Understanding the natural flow regime is critical to the setting of realistic and achievable E-flows (Poff et al. 1997; Arthington et al. 2006). However, a clear understanding of the association between the natural flow regime and riverine biota is challenging, given the variable nature of linkages between flow and ecology (Poff and Zimmerman 2010). A major issue facing E-flows is, therefore, access to data, which is required to develop this flow-ecology understanding. First and foremost is the availability of hydrological data, which is dependent on flow gauging stations or the ability to extrapolate existing hydrological data between catchments or model catchment flows from nearby rainfall data (Poff et al. 2010 and references therein). Many methods have been proposed to develop river-specific E-flows in data-poor areas (Arthington et al. 2006). However, “rule-of-thumb” approaches, such as setting minimum flows or percentages of flows, are inappropriate and may lead to significant biodiversity losses downstream (Arthington et al. 2006). More recently, the ecological limits of hydrological alteration (ELOHA) framework uses a number of preexisting techniques to support comprehensive flow management of altered rivers (Poff et al. 2010). ELOHA identifies river types at regional scales using hydrologic and geomorphic river classifications, thereafter seeking to develop flow alteration-ecological response relationships for each river type.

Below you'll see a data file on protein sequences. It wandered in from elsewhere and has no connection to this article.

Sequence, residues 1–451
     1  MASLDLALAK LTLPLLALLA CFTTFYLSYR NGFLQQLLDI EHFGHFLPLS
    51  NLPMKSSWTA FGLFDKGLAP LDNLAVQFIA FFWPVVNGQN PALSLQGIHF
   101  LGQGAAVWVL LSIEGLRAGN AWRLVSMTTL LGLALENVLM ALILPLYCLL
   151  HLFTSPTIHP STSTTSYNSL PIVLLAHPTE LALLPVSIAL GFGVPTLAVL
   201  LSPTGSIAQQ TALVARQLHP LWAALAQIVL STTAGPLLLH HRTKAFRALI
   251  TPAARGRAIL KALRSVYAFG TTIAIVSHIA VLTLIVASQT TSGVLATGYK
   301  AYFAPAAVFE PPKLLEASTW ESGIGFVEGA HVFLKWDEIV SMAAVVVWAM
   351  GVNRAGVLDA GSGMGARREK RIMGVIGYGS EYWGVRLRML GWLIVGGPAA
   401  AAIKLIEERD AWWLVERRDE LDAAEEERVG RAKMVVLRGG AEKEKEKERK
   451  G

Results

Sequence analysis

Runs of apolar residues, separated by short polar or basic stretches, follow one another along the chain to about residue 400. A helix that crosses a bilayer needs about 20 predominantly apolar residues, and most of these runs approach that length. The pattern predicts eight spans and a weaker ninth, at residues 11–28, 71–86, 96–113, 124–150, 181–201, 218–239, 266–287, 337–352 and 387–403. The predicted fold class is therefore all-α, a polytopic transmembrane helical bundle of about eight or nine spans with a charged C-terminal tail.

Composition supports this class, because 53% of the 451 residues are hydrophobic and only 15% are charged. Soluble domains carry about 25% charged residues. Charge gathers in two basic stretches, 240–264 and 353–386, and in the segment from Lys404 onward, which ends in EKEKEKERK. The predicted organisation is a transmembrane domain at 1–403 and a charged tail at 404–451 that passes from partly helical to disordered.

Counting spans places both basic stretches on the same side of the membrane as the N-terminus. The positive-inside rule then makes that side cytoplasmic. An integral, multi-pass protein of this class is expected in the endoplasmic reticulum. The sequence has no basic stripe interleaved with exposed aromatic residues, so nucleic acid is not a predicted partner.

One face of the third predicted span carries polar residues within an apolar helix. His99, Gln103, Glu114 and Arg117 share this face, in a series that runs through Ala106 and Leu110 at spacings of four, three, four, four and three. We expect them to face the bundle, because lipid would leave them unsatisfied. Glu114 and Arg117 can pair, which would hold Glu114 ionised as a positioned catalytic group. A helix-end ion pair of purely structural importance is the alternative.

Water managers are faced with major challenges to provide society with reliable water supplies for a variety of uses whilst maintaining ecological integrity of the waterways from which water is taken. Despite flow-ecology research being dominated by US studies, Australian authors are publishing the most specifically on E-flows. Our results suggest E-flow research and application is on the rise, particularly in developed countries with a long history of interest in the ecological processes supporting life in flowing waters, and the shared recognition that flow is an immensely important driver of such processes. Given the increased understanding of the importance of natural flows, E-flows will likely continue to rise as a dominant field in river ecology. However, the cost of maintaining E-flows (i.e., lost income through releasing water) may keep E-flows as somewhat of a luxury field of river management, despite the recent push in developing countries. With the projected alteration of rivers through both climate and water use (e.g., Laize et al. 2013), and to ensure limited riverine biodiversity loss, it is imperative to push the development of E-flows, particularly in developing countries experiencing rapid growth.
This study was supported by the research funding programme “LOEWE - Landes-Offensive zur Entwicklung Wissenschaftlich-oekonomischer Exzellenz” of Hesse’s Ministry of Higher Education, Research, and the Arts. We thank the anonymous reviewers for providing valuable comments to improve the manuscript.